The numbers tally reasonably well. The gapped core-set with an H field of 566.1 has a simulated flux density of 129 mT, whereas the hand-calculation arrived at 153 mT. For the ungapped 12 turn core-set with an H field of 210.2, we get a simulated flux density of 413 mT (very close to the hand calculation of 414.8 mT).


Firstly, what is essential is that you use the correct design process when designing a transformer or inductor. Secondly, there is no substitution for real-world final testing. This is needed for any hand-made (or homespun) wound component. However, this article can only really show the process, and it is hoped that if you follow it, you get good results. If you gain some greater insights into designing and gapping a ferrite core along the way, then that’s a bonus.

Have more questions? Call an expert at Altium and discover how we can help you with your next PCB design.

About Author

About Author

Mark Harris is an engineer's engineer, with over 12 years of diverse experience within the electronics industry, varying from aerospace and defense contracts to small product startups, hobbies and everything in between. Before moving to the United Kingdom, Mark was employed by one of the largest research organizations in Canada; every day brought a different project or challenge involving electronics, mechanics, and software. He also publishes the most extensive open source database library of components for Altium Designer called the Celestial Database Library. Mark has an affinity for open-source hardware and software and the innovative problem-solving required for the day-to-day challenges such projects offer. Electronics are passion; watching a product go from an idea to reality and start interacting with the world is a never-ending source of enjoyment.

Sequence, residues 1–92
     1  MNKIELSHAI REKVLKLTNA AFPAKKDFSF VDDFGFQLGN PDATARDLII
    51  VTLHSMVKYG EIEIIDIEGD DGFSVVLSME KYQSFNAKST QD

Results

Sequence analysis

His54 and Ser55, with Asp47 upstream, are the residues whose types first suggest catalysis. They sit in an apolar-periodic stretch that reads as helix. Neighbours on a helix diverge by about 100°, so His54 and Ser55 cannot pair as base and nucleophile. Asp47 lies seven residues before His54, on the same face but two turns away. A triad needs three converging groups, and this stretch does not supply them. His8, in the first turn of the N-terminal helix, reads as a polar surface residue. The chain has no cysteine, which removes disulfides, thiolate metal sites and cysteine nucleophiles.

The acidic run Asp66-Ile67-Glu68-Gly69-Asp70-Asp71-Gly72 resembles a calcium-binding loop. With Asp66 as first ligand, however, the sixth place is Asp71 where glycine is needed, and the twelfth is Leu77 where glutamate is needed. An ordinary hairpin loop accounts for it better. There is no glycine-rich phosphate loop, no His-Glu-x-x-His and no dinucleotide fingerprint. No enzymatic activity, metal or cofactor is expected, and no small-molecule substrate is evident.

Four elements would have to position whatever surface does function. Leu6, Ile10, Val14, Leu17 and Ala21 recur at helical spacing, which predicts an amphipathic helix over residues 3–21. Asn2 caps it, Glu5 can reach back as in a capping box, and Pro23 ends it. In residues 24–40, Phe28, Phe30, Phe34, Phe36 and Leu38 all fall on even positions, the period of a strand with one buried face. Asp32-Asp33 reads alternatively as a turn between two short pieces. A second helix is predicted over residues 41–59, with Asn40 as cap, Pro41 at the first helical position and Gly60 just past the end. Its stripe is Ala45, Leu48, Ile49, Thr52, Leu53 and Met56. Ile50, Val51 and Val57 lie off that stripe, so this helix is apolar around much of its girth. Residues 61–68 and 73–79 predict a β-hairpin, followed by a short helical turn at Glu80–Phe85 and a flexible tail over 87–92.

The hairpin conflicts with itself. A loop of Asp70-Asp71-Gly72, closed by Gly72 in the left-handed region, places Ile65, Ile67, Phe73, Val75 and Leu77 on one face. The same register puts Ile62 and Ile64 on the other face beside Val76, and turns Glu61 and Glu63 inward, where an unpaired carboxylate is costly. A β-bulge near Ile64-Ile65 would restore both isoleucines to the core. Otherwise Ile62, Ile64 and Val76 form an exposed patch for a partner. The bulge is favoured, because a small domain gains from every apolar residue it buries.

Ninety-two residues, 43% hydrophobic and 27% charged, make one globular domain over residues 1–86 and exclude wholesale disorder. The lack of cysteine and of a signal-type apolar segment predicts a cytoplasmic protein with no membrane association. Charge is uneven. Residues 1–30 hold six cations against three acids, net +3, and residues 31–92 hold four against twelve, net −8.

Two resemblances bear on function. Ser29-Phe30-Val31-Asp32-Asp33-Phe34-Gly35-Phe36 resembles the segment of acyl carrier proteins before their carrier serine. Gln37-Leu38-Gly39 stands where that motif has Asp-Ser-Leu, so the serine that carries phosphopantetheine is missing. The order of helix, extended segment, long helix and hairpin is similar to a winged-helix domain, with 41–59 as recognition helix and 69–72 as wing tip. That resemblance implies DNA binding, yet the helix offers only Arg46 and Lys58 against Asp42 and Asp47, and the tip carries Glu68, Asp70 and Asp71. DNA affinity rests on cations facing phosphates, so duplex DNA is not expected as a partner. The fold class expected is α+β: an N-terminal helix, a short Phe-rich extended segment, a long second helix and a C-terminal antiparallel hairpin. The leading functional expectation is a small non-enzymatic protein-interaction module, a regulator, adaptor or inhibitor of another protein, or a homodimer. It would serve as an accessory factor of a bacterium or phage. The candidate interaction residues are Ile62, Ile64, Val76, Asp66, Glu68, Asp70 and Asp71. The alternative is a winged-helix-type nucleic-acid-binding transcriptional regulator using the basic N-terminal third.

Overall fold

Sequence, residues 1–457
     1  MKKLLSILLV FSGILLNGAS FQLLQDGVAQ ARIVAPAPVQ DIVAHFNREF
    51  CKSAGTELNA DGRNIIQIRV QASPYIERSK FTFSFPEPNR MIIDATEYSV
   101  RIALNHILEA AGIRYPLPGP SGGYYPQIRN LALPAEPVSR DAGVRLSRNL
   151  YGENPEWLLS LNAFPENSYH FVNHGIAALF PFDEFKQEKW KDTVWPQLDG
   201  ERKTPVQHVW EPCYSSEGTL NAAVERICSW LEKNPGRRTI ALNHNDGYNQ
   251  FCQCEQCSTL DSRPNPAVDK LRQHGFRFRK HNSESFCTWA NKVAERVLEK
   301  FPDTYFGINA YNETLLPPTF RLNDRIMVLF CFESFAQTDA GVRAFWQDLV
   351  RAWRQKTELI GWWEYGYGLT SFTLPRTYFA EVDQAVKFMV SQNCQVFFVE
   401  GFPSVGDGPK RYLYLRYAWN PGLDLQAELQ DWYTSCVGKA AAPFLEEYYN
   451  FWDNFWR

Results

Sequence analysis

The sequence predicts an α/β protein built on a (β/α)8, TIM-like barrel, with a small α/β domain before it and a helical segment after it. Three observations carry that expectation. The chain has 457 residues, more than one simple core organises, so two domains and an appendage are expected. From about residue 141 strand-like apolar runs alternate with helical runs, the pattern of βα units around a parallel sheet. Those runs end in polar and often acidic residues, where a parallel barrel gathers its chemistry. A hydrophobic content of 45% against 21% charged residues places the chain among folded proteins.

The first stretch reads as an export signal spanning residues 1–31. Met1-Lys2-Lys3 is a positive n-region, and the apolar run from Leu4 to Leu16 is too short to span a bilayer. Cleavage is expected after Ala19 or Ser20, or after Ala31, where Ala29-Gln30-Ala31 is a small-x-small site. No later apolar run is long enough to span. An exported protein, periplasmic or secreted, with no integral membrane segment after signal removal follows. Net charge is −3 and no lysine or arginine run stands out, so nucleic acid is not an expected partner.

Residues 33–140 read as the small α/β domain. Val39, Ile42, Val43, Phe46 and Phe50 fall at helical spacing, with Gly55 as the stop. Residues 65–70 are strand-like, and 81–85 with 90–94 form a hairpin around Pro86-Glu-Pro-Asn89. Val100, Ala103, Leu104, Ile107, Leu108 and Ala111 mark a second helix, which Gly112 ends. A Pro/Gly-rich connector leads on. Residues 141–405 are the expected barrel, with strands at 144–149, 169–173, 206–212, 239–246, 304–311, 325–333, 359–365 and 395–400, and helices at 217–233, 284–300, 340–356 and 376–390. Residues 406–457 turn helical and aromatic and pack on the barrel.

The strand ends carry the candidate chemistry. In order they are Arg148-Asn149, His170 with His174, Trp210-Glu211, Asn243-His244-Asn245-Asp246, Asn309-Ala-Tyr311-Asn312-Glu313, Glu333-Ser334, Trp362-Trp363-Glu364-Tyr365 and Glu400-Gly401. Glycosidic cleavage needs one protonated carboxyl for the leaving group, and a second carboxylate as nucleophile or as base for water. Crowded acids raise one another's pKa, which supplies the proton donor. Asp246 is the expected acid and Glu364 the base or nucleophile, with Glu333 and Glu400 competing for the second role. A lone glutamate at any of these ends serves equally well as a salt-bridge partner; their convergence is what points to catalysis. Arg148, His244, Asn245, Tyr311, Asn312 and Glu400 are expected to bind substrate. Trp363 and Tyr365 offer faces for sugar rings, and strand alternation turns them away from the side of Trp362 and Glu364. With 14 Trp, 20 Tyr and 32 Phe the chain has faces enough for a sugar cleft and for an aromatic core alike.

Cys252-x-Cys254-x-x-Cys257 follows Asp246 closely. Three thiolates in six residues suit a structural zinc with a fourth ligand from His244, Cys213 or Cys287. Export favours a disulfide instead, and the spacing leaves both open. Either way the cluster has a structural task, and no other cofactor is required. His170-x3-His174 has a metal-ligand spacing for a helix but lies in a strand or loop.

You can contact Mark directly at: mark@originalcircuit.com